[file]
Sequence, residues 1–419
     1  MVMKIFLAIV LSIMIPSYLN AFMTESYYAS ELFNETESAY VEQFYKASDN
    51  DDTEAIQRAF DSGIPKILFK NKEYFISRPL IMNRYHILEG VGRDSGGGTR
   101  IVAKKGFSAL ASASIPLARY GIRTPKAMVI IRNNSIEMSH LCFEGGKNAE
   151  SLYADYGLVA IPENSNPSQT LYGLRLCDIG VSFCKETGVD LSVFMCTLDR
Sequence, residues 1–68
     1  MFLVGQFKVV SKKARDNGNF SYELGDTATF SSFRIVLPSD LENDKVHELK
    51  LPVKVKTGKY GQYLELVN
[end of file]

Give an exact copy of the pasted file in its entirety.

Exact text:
Sequence, residues 1–419
     1  MVMKIFLAIV LSIMIPSYLN AFMTESYYAS ELFNETESAY VEQFYKASDN
    51  DDTEAIQRAF DSGIPKILFK NKEYFISRPL IMNRYHILEG VGRDSGGGTR
   101  IVAKKGFSAL ASASIPLARY GIRTPKAMVI IRNNSIEMSH LCFEGGKNAE
   151  SLYADYGLVA IPENSNPSQT LYGLRLCDIG VSFCKETGVD LSVFMCTLDR
Sequence, residues 1–68
     1  MFLVGQFKVV SKKARDNGNF SYELGDTATF SSFRIVLPSD LENDKVHELK
    51  LPVKVKTGKY GQYLELVN